The scene known as “One Hundred Boys” is popular for designs on women’s clothing, especially for weddings. These ample sleeve bands were sewn as cuffs on a 19th-century bridal robe. On the two tableaux there are symbols of happiness and prosperity, including a bat flying in the top left corner and a rabbit (a symbol of the moon) perched near the centre.
Where was this textile created?
Asia: East Asia, China; Han people
Mid 19th century
Silk, embroidered with silk thread
55.2 cm x 23.5 cm
Gift of Helen Jahnke in honour of J. Fyle Edberg and Paul Foote courtesy of the Council for Canadian-American Relations/American Friends of Canada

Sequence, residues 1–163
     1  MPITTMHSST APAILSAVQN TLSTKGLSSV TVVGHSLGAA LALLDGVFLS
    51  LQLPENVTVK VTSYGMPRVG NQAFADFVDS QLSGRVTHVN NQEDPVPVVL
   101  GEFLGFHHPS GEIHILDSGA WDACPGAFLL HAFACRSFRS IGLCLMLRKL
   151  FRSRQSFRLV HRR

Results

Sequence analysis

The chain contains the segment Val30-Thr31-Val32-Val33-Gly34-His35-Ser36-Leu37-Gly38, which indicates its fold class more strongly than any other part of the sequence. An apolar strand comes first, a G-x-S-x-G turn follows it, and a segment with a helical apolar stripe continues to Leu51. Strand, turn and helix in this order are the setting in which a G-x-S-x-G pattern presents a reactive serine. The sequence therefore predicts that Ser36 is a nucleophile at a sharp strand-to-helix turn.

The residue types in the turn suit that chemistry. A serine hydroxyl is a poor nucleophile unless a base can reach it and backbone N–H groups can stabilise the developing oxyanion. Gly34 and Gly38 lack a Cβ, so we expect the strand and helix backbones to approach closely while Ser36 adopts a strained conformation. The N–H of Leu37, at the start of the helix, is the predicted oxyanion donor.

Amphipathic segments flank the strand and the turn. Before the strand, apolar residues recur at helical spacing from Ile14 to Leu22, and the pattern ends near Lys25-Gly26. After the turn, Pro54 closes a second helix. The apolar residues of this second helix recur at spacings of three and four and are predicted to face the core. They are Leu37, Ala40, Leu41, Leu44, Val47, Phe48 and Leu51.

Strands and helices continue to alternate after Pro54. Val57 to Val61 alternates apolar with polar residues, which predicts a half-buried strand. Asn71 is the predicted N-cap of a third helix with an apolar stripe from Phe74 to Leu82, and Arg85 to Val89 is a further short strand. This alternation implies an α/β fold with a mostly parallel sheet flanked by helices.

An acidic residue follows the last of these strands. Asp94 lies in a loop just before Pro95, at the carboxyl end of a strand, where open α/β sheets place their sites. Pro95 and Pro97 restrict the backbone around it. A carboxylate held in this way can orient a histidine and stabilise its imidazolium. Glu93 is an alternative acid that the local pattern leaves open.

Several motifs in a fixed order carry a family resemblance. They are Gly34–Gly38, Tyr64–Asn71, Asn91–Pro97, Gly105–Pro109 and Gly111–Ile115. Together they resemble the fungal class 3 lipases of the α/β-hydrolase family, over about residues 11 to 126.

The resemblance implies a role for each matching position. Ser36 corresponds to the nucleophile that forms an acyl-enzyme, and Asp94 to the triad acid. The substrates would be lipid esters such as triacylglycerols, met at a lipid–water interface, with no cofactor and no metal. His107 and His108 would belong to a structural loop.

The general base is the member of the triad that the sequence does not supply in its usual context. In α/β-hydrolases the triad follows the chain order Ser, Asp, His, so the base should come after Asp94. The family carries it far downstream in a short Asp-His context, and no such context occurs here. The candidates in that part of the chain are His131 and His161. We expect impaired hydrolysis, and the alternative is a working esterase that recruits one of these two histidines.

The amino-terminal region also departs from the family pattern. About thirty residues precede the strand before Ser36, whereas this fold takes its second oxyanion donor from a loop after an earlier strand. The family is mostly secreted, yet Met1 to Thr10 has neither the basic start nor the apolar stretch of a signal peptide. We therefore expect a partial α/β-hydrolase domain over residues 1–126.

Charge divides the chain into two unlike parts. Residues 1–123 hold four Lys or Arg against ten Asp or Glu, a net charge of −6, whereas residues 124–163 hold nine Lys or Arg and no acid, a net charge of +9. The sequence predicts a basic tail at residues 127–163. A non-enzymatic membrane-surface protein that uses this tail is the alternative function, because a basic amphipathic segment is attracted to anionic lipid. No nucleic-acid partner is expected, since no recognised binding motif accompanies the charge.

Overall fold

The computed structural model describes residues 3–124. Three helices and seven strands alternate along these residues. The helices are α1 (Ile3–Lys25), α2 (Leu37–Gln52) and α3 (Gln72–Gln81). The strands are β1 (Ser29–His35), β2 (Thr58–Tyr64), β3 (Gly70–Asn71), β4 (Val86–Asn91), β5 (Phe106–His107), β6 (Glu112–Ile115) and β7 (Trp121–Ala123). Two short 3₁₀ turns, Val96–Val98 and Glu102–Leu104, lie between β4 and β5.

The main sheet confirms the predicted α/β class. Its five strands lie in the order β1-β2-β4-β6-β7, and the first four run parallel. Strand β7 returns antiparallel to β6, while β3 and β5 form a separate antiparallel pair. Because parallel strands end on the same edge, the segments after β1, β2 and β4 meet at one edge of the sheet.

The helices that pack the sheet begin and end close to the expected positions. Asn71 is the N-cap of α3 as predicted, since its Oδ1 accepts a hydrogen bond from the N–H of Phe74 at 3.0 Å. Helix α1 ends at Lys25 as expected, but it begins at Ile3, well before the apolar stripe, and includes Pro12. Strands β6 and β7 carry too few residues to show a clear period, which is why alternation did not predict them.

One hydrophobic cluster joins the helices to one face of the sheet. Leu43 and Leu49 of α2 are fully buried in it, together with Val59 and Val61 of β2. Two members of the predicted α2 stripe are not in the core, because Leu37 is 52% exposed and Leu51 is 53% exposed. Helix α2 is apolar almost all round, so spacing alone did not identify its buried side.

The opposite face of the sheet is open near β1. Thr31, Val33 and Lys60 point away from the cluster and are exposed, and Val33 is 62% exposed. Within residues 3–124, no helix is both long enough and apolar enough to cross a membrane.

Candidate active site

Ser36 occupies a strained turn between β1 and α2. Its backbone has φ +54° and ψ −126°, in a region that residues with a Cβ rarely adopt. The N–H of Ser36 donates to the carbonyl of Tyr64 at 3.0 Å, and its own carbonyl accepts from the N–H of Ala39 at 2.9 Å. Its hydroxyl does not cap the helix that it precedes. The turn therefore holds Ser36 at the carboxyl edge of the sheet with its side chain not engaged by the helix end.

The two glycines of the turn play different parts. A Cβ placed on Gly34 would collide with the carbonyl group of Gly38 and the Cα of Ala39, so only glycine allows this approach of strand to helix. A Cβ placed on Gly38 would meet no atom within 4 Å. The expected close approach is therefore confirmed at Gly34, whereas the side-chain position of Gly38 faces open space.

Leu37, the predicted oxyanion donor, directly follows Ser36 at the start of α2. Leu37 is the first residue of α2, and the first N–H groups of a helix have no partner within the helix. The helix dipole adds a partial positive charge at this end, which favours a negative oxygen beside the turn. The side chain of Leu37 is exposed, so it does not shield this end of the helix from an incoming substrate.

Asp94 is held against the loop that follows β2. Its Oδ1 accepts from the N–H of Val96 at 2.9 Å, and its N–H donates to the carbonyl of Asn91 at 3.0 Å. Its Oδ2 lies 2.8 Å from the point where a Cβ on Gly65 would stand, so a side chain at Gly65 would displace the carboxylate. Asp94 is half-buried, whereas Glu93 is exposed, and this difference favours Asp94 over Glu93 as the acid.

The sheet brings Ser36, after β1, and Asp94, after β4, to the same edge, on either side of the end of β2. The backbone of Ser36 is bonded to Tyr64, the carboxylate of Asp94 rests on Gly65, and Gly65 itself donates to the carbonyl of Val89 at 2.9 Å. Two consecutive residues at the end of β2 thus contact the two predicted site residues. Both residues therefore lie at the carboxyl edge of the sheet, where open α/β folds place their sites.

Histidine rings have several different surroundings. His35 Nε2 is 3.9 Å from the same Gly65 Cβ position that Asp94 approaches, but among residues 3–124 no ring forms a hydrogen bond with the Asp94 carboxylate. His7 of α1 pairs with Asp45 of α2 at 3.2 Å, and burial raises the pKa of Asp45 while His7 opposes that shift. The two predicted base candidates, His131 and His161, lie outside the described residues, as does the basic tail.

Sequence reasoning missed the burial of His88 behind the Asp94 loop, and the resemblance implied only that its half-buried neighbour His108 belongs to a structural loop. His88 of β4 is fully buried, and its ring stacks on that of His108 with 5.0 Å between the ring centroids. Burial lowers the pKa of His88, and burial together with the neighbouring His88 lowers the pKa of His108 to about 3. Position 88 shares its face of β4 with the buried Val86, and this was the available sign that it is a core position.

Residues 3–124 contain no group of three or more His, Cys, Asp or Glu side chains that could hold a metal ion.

T00.51.12 Textile Museum of Canada
There are a hundred boys with vivid faces embroidered on this pair of sleeve bands for a woman’s robe. The boys in the centre are conducting a Chinese New Year’s parade. At the front of the parade, two boys carry red banners with black characters proclaiming the traditional slogans of Chinese New Year celebrations. Above them, a dragon is flying and chasing a flaming Pearl of Wisdom that one boy carries on a stick.
These sleeve bands were made to adorn the cuffs of a silk robe, and would always appear together, yet separated – at least that was the initial intention of the maker. At some point they were removed from the robe, joined together and framed with black silk so they could be sold. The antics of the boys are forever separated from the robe they were to have adorned, and from the world they once inhabited.
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